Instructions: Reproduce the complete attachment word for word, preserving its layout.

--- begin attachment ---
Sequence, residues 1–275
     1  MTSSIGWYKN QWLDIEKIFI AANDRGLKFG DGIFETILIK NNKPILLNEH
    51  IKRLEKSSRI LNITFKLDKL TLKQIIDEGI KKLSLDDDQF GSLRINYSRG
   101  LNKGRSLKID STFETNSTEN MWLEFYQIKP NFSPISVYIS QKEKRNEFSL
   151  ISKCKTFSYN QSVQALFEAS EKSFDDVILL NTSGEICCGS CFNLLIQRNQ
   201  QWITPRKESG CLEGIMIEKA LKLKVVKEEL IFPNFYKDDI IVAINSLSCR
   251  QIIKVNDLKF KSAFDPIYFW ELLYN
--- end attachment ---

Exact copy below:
Sequence, residues 1–275
     1  MTSSIGWYKN QWLDIEKIFI AANDRGLKFG DGIFETILIK NNKPILLNEH
    51  IKRLEKSSRI LNITFKLDKL TLKQIIDEGI KKLSLDDDQF GSLRINYSRG
   101  LNKGRSLKID STFETNSTEN MWLEFYQIKP NFSPISVYIS QKEKRNEFSL
   151  ISKCKTFSYN QSVQALFEAS EKSFDDVILL NTSGEICCGS CFNLLIQRNQ
   201  QWITPRKESG CLEGIMIEKA LKLKVVKEEL IFPNFYKDDI IVAINSLSCR
   251  QIIKVNDLKF KSAFDPIYFW ELLYN